Dr. Steinmann describes how he diagnoses a patient with thumb arthritis.
There’s two relatively simple ways to diagnose it that don’t take a whole lot of time. One is an x-ray and the x-ray is positioned usually about two or three views of your thumb, very quick x-rays, and based on that you can see the loss of joint space and the bone on bone arthritis that occurs with this condition. That will confirm the diagnosis of arthritis, but the clinical exam is most important.
When you examine the patient you can feel that they are having pain at their joint. You can feel the grinding of that joint. Sometimes there’s a little bit of looseness with that joint also.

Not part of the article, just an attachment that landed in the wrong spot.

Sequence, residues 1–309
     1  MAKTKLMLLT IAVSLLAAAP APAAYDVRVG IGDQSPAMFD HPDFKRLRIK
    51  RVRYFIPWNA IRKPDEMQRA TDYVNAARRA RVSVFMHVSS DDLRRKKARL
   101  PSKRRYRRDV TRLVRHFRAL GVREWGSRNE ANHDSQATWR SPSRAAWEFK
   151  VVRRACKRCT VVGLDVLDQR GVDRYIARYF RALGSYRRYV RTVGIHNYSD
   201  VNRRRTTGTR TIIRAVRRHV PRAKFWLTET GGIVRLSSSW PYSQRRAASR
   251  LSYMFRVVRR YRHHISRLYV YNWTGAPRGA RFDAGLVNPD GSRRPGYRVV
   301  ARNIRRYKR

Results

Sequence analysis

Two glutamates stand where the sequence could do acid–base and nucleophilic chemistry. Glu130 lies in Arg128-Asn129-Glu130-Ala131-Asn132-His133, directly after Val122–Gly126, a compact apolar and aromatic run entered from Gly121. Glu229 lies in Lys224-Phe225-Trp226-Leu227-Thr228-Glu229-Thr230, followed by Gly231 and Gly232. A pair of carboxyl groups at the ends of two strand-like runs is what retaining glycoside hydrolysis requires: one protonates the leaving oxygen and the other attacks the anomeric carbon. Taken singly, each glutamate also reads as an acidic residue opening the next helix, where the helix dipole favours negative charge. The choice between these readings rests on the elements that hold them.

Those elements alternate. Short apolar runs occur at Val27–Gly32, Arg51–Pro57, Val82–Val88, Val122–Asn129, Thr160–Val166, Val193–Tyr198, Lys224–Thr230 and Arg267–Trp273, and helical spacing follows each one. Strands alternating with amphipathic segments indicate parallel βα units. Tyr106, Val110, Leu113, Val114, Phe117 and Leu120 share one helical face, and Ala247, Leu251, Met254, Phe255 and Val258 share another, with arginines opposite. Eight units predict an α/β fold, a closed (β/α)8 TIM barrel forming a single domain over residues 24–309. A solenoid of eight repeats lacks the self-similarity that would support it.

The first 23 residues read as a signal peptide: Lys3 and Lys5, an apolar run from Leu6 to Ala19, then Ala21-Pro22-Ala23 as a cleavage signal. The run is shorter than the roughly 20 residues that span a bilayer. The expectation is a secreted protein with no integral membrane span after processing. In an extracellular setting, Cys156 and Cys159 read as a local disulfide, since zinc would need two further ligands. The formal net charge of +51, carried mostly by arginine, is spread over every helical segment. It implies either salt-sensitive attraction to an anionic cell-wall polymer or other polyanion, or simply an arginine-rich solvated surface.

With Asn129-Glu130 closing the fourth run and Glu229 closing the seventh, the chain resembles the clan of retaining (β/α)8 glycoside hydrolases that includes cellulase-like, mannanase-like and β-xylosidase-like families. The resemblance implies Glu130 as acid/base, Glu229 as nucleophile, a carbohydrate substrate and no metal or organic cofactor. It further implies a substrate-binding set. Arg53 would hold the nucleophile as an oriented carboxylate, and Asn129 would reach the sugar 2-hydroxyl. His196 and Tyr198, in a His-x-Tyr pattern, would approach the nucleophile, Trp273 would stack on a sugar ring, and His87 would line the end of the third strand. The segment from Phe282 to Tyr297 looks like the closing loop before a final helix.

It’s important to emphasize that it’s a clinical diagnosis, not just based on x-rays. I have a lot of patients that have carpal tunnel, for example. When we get x-rays sometimes for carpal tunnel and I’ll turn to the patient and say, “How does your thumb feel? You have a very arthritic thumb.” “Sir, it feels fine.”
So there’s the difference between radiographic arthritis, which may not hurt. So it’s possible that you could have an arthritic thumb and it doesn’t hurt and that does not require treatment at all. It’s only a symptomatic painful thumb that actually we treat with medications or bracing or surgery.
About Dr. Steinmann, M.D.:
Dr. Scott P. Steinmann, M.D., is on orthopedic surgery at the Mayo Clinic Sports Medicine Center in Minnesota. Dr. Steinmann received his medical training from Cornell University Medical College in New York, completed his residency in orthopedics at New York Orthopedic Hospital and completed a fellowships focusing on the shoulder and hand surgery from Columbia-Presbyterian Medical Center and Mayo Graduate School of Medicine respectively.